Nate Makes Landfall, Follows in Path of Katrina
But he largely spares New Orleans, weakens to a tropical storm
By Newser Editors and Wire Services
Posted Oct 8, 2017 5:33 AM CDT
Captain Ashley Johnson, left, and Wayne Hall, right, work to secure the boat "Jeraline" in preparation for Hurricane Nate, expected to make landfall on the Gulf Coast, Saturday, Oct. 7, 2017, in Bayou...   (AP Photo/Brynn Anderson)
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(Newser) – Hurricane Nate came ashore along Mississippi's coast outside Biloxi early Sunday, the first hurricane to make landfall in the state since Hurricane Katrina in 2005. The storm hit early Sunday with maximum sustained winds near 85mph but weakened later to a tropical storm as it moved inland, the US National Hurricane Center said. As of 5am EDT, Nate was centered about 80 miles north-northeast of Biloxi and moving north-northeast near 23mph. At one point, Nate's eye moved over Keesler Air Force Base, where the National Hurricane Center's hurricane hunter planes are kept. Nate came ashore Saturday night along a sparsely populated area in southeast Louisiana, reports the AP, with winds pushing water onto roads and knocking out power. But Nate didn't have the intensity other storms—Harvey, Irma, and Jose—had during this busy hurricane season. No deaths or injuries were reported.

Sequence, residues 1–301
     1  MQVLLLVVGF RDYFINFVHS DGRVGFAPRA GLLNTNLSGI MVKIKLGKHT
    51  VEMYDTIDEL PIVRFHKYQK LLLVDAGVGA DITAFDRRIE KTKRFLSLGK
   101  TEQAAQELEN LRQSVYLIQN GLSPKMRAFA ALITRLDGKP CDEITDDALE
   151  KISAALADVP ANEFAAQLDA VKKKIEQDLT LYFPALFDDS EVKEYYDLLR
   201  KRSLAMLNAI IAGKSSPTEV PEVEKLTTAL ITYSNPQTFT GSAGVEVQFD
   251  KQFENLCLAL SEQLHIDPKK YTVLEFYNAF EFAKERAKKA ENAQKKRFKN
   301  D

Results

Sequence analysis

As the midnight high tide approached in Biloxi, a storm surge from Nate pushed over the beachfront highway of US 90 onto the peninsula that makes up the city's eastern edge. Water kept going several blocks deep into the area. "It kind of surprised us," Mike Kovacevich, who lives two blocks north of US 90, told Biloxi officials. "We didn't expect to be this deep." Hurricane Katrina made its final landfall on the Mississippi coast on Aug. 29, 2005, leveling cities and buckling bridges. "This is my first hurricane," said one new resident of Belle Fontaine Beach. "So far, it's kind of a fizzle." Nate passed to the east of New Orleans, sparing the city its most ferocious winds and storm surge. Its quick speed lessened the likelihood of prolonged rain that would tax the city's weakened drainage pump system. Forecasters called for 3 to 6 inches with as much as 10 inches in some isolated places.

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